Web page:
That study was an interesting one, but I think they missed the mark on how the results would affect people who buy natural/organic foods. I buy organic when I can, not because of the nutrient levels (such a blanket term to begin with), but because it tends to be fresher and taste better (especially if it's from the local farmer's market), AND because I know I'm avoiding GMOs and massive growing operations where scale trumps ethics. Farmer's markets also provide a fun and comfortable venue where I can talk directly to the person who grew the vegetables. If I want, I can ever visit their farm and check things out for myself. A lot of areas even have local farm tours, where you can visit several farms over a weekend and see first hand who you're supporting with your dollar. Worries about nutrients are completely secondary.

Are you channeling your best self with this comment? (If you're not sure, check out our Code of Conduct.)

Eed1fa70 e05b 43bb b687 bb2e48114f09  giphy
pierino

pierino is a trusted source on General Cooking and Tough Love.

added about 5 years ago

Actually you may not be avoiding GMO's by buying local. That's because Monsanto controls so much of the seed supply. Check out the film "Food Inc." However soon you will know as a USDA rule will go into effect requiring that GMO produce be identified as such. It's not just the Arthur Daniels Midlands of the country that use GMO. Smaller farms do because they simply have no choice. Monsanto has systematically hounded "seed cleaners" out of business.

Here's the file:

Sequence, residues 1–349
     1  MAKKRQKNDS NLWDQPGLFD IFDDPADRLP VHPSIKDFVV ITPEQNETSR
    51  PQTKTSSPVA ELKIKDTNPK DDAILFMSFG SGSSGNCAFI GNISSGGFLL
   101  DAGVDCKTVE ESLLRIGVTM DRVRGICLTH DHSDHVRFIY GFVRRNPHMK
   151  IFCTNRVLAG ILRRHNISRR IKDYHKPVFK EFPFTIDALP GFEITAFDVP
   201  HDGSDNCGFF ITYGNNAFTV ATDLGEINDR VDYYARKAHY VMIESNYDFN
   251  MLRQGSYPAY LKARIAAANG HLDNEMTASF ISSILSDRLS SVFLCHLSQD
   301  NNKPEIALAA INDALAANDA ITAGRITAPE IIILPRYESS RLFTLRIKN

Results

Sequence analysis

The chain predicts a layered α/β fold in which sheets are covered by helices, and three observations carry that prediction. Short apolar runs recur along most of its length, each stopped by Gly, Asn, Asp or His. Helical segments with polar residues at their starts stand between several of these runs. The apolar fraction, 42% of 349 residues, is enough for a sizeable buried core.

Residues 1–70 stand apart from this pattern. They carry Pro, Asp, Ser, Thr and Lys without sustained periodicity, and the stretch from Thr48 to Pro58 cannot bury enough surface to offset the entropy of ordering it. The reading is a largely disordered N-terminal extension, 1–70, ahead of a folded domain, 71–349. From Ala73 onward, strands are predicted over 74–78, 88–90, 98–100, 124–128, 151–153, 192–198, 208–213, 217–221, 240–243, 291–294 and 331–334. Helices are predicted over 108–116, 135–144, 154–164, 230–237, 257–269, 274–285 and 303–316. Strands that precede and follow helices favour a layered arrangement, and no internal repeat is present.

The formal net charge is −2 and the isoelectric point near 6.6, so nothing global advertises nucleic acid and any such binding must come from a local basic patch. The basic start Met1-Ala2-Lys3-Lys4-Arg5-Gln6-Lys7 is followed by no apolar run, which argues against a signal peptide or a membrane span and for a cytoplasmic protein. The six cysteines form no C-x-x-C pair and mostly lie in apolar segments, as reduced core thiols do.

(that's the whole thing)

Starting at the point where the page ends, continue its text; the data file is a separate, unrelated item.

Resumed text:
Are you channeling your best self with this comment? (If you're not sure, check out our Code of Conduct.)

Loading…

Reset
Password

  Enter your email below and we'll send you instructions on how to reset your password

Account Created

Welcome!

Logged In

Enjoy!

Email Sent

Please check your email for instructions
on how to reset your password

Successfully logged out

Let's Keep in Touch!

Get the recipes and features that have us talking, plus first dibs on events and limited-batch products.

(Oh, and $10 off your order of $50 or more in the Food52 Shop, too.)

Please enter a valid email address.